top of page

Fraunhofer IOSB presents a Multisensor scanner, which uses AI assistance to detect fruit and vegetable quality

With the global population continuing to grow, food waste not only presents a resource problem but also carries a significant cost factor. Now, a new AI-supported multisensor application developed by the Fraunhofer Cluster of Excellence Cognitive Internet Technologies CCIT is being used to screen perishable goods such as fruit and vegetables. This technology carefully detects quality features even under the surface, making it possible to predict the shelf life of fruit and vegetables. It can be used on entire crates at the touch of a button — and customized with the addition of other sensors.

It’s 6:30 a.m. in the logistics hub of a major fruit importer, and a tray containing apples is quickly pushed into the inspection machine. A scale and barcode scanner capture the data from it and compare this with the delivery note. Tapping on the touchscreen also causes near-infrared cameras and microwave radar technology to create an image of the fruit and take a look beneath the peel without destroying any produce.

Using artificial intelligence to predict shelf life

Assisted by AI, a comparison with a stored ideal image of the fruit reveals whether any goods are missing or other varieties have ended up in the tray. It also displays any quality deficiencies on the screen. Using data based on this, it is possible to predict the shelf life of goods and amend the time of sale or pricing as appropriate — making a significant contribution to preventing food waste.


Conserving resources

One of the major aims that Fraunhofer CCIT is incorporating through its new scanner is to optimize the flow of goods and improve planning capability so that, where possible, perishable fresh goods no longer contribute to the approximately 58 million tons of food thrown away every year in the EU alone. This figure also weighs heavily in financial terms, equating to around 132 billion euros.

Ready for a multitude of applications

Now ready for use, the prototype was developed by our Clusterpartner the Fraunhofer Institute for Optronics, System Technologies and Image Exploitation IOSB and for Nondestructive Testing IZFP, in conjunction with partners from industry and the food wholesale trade. “This allowed us to accumulate a great deal of practical expertise,” explains Anna Taphorn from Fraunhofer IOSB. “The scanner is now ready to be used in other applications.” This means additional varieties of fruit and vegetables — and beyond: “We’ve also had a request from the bakery sector, where consistency and freshness are of paramount importance,” adds Taphorn, a specialist in visual inspection systems.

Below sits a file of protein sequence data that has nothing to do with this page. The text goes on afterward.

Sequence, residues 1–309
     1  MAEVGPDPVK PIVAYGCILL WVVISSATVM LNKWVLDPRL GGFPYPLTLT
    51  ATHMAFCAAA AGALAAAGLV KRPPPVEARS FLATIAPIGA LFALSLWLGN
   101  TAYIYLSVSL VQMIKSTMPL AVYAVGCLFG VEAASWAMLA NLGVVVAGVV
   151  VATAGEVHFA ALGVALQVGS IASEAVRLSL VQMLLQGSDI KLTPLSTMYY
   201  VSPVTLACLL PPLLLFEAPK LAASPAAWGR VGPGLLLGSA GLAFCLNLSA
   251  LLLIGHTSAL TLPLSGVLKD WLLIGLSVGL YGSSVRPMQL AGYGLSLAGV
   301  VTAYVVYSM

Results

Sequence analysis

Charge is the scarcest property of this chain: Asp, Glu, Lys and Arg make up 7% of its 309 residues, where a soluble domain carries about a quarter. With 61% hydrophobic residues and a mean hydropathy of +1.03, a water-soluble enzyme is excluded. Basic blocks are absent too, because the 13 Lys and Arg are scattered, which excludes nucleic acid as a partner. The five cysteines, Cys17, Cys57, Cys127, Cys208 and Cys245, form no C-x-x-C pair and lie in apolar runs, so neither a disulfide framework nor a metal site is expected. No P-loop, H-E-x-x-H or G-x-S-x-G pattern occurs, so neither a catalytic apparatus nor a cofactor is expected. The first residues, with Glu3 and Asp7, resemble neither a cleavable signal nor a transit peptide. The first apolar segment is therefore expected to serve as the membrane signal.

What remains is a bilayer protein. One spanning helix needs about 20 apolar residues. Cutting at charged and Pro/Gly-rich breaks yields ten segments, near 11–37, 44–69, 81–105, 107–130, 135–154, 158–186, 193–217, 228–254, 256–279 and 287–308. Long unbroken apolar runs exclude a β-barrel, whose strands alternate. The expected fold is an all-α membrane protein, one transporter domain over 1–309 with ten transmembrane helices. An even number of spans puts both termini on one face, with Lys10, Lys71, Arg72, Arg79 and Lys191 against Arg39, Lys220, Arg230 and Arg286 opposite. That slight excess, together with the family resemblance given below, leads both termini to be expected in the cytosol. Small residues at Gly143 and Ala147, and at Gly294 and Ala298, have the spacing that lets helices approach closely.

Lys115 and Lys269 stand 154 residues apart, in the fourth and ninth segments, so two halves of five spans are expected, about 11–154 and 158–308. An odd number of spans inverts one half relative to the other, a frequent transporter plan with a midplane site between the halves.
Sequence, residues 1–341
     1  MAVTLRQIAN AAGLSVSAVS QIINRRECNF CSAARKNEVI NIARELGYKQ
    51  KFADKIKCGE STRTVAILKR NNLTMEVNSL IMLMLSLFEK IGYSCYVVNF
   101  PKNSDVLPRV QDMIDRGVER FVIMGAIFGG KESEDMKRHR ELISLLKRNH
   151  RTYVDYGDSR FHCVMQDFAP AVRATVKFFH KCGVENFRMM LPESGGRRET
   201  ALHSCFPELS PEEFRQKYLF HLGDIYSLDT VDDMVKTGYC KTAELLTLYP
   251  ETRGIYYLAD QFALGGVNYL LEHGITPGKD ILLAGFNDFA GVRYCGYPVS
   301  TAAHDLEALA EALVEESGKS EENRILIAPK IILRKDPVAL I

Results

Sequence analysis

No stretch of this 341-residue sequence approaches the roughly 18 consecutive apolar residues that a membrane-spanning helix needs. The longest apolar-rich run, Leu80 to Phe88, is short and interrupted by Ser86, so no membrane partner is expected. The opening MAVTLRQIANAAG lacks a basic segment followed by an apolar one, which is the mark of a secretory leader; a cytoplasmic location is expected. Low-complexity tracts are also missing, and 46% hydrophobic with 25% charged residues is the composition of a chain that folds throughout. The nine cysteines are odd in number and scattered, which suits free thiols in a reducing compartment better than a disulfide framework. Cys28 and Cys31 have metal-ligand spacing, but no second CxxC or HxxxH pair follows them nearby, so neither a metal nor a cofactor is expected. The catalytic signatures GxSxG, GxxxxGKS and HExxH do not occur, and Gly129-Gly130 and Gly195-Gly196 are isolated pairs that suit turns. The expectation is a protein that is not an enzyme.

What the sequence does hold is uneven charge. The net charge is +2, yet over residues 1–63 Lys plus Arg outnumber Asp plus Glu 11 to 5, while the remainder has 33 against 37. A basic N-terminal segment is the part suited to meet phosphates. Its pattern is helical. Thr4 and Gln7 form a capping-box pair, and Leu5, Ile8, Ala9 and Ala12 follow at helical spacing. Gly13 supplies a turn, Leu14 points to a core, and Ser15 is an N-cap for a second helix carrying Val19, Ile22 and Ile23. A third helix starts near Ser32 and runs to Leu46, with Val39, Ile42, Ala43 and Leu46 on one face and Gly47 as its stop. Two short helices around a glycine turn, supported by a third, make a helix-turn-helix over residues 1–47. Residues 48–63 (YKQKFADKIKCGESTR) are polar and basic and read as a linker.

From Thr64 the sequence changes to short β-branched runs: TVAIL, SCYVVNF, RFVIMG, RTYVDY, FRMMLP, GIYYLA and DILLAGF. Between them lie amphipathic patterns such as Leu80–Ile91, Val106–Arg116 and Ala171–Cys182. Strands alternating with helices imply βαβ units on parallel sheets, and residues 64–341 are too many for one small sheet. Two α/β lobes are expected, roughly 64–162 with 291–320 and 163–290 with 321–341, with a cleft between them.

Versatile sensors and knowledge transfer opportunities

There are two major aspects contributing to this outstanding versatility. Firstly, the sensor technology is able to adapt to the requirements in question — with gas sensors for detecting ripening gases or hyperspectral cameras that measure sugar content and other internal quality parameters, for instance.

Secondly, the type of AI being used offers significant advantages by using anomaly detection to identify issues that would have gone unnoticed before. The model is trained on error-free — that is to say, “ideal” data — and issues a notification when deviations from this data occur. These insights can also be transferred relatively quickly, meaning that only a small quantity of data is required to retrain the model if a new variety of produce is introduced, for example. 

Scalability thanks to simple operation

If threshold values are defined for quality features, the AI models are able to make use of recommendations for the next steps that the scanned goods should undergo. This data-centric approach can be multiplied, allowing any number of scanners to be used in parallel. Since the scanners are also easy to operate using a touchpad, they can be used in applications beyond wholesale businesses without the need for costly staff training.

A glimpse of an automated future

It is possible to envision even more applications in the future. For example, new partnerships could allow us to expand the technology to conveyor belts if required,” says Taphorn. This would mean no more need to carry individual crates over to the inspection area manually, plus the ability to use data in a centralized quality check and run entire processes automatically. “This brings huge benefits for speed and quality compared to the manual inspection processes that are commonly used today.”

Optimizing the flow of goods

Featuring efficient diagnostic capabilities, outstanding versatility and fast availability, the prototype of the multimodal inspection system is now ready to be used in practice. This will open up new horizons, explains Taphorn: “In the future, the customizable sensors and ease of use will play a part in optimizing how fresh goods such as fruit and vegetables are marketed, and in reducing food waste.”

3 views0 comments


bottom of page